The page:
Defendant which could only be admitted through his sworn
testimony; administrative disciplinary findings to impeach a
witness; defense exhibits that have not been previously
disclosed to Government counsel; and evidence of
Defendant's health. Gov.' Mot. 1-3, ECF No. 82. In
response, Defendant concurs with the Government's request
to preclude evidence of pre-trial rulings, plea negotiations,
and defense exhibits. See Def.'s Resp. 2-3, ECF
No. 91. Defendant opposes the wholesale exclusion of the
other categories of evidence. See id.
allegations of Government misconduct, Defendant states he
does not intend to present any evidence regarding the
Court's finding that Special Agent Jennifer Sullivan
violated his constitutional right to remain silent after
invoking his Miranda rights. Id. at 1.
Similarly, he is unaware of evidence of administrative
disciplinary findings against any Government witnesses.
Id. Defendant requests the Court deny the request to
exclude evidence of governmental misconduct and
administrative disciplinary findings, because should he
become aware of such evidence, he should have an opportunity
to show its relevance. The Court will deny as moot and/or as
unripe the request to exclude evidence of governmental
misconduct and administrative discipline. Should any party
intend to present such evidence, the party should bring it to
the Court's attention prior to introducing it at trial.
objects to the request to exclude generally offers to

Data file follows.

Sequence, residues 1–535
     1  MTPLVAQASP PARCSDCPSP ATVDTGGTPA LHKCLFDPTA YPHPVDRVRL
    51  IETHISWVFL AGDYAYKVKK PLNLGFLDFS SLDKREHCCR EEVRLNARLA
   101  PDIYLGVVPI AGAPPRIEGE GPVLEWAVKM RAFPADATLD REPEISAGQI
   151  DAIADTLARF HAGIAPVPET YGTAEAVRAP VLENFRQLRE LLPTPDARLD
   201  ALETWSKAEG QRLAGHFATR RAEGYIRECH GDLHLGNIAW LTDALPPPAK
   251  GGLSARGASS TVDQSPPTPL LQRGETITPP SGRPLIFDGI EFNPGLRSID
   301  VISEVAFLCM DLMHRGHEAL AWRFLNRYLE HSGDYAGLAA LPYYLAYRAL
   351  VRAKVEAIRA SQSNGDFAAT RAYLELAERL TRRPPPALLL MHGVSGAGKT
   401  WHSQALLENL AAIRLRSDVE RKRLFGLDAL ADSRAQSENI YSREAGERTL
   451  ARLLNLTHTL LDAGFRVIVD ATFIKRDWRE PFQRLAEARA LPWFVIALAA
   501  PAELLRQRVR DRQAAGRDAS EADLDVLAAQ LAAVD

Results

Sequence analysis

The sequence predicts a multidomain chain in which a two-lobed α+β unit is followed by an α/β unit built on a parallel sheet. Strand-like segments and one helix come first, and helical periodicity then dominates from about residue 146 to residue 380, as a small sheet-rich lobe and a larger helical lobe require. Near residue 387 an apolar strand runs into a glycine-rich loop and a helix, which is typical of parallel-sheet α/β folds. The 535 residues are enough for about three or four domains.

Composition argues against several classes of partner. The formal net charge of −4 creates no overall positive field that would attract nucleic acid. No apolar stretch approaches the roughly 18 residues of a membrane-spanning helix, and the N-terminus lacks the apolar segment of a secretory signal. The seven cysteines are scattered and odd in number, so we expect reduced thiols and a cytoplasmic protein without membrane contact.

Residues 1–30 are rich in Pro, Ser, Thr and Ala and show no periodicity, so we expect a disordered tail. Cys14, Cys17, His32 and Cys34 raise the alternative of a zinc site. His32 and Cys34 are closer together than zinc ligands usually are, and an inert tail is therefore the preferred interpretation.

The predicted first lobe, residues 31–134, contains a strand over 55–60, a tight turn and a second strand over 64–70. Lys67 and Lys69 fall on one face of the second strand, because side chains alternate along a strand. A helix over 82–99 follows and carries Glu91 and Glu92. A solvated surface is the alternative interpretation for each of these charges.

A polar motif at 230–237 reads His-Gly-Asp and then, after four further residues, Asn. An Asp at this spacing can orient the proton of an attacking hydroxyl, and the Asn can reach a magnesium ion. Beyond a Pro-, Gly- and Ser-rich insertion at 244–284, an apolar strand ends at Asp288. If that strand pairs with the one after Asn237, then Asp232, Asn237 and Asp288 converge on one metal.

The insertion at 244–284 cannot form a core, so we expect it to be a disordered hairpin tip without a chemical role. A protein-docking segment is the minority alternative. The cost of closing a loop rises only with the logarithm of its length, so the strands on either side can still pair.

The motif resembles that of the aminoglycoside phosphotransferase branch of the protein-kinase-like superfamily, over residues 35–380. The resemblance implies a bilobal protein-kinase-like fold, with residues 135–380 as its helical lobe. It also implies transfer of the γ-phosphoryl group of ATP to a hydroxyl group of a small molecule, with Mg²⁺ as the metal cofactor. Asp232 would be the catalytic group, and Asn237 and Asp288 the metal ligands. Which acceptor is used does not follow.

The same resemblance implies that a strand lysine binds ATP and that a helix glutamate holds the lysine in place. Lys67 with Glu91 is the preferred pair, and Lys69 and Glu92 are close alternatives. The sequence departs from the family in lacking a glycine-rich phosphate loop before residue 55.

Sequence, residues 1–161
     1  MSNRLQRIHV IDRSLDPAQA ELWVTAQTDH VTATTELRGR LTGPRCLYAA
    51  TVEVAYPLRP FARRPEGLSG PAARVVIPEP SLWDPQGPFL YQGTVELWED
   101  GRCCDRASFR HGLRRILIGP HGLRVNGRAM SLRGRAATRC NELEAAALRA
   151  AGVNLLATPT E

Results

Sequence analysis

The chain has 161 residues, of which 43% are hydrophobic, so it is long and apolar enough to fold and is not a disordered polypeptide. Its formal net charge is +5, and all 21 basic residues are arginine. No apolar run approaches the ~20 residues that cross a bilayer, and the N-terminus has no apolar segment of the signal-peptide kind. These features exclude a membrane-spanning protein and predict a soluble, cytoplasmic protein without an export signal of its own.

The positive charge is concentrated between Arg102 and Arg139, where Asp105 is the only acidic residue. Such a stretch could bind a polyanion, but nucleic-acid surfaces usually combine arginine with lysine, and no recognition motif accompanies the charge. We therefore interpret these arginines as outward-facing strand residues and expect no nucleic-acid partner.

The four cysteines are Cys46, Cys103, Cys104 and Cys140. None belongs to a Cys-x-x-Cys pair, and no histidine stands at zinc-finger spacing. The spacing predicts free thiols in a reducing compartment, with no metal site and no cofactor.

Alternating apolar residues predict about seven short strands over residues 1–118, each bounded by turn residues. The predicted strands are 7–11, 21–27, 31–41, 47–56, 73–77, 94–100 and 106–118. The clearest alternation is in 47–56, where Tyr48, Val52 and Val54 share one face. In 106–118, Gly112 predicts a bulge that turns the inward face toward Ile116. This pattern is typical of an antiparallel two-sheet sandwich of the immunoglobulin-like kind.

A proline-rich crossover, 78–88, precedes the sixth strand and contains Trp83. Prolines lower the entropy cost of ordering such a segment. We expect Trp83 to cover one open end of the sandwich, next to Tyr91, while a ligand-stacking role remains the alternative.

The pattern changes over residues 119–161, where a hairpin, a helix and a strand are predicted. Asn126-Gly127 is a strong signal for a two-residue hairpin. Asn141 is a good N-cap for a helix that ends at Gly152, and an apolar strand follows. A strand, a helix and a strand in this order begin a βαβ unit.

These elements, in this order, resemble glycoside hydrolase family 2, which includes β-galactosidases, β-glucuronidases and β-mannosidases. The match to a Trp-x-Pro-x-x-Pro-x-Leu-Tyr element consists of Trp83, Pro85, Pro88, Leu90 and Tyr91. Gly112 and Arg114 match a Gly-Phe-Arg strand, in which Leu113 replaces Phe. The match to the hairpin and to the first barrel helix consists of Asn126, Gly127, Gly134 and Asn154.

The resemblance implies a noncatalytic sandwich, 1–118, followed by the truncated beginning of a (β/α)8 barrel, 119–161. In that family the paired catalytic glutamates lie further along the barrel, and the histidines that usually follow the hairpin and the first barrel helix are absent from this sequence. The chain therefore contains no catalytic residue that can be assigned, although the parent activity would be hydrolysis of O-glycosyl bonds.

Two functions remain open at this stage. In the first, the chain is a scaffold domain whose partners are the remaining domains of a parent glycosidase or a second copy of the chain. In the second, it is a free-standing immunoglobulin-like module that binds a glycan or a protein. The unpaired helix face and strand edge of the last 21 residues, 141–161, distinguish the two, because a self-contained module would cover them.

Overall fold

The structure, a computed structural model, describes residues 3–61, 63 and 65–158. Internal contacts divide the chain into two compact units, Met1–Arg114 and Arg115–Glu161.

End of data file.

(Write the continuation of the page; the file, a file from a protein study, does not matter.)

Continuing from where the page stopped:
stipulate, noting that he has offered to stipulate to federal
jurisdiction, i.e., that he is an Indian and that the
location described by the complaining witness is in Indian
Country, but the parties have not yet reached an agreement on
the language of the stipulation. See Id. at 2. In a
separate brief, however, Defendant indicated that he will not
stipulate to jurisdiction. See Def.'s Resp. to
Mot. for Pre-trial Determination of Indian Country Land
Status 2, ECF No. 100. The Court will deny as moot and/or as
unripe the request to exclude evidence of stipulations.
Should any party intend to present such evidence, the party
should bring it to the Court's attention prior to
introducing it at trial.
respect to information known only to Defendant, Defendant
asserts he should be permitted to cross-examine the
government's witnesses, that information can have sources
through defense investigation, and that he intends to follow
the rules of evidence at trial. The Court will deny the
request to categorically exclude information known only to
Defendant as unripe. The Court can take up objections to
specific questions or evidence at trial.
Defendant objects to the exclusion of evidence of his mental
or physical health should it become relevant to the issue in
the case. The Court will deny the request to categorically
exclude information of Defendant's health as unripe. The
Court can take up objections to specific questions or
evidence at trial.
United States' Motion for Lafler-Frye Hearing
(ECF No. 84)
Government asks the Court to inquire prior to trial whether
defense counsel communicated its plea offers to Defendant
under Missouri v. Frye, 566 U.S. 134 (2012), and
Lafler v. Cooper, 566 U.S. 156 (2012). It points out
that at the December 3, 2018 plea hearing, Defendant rejected
the Government's plea agreement. The Government wishes to
make a record to preclude a future ineffective assistance of
counsel claim under ...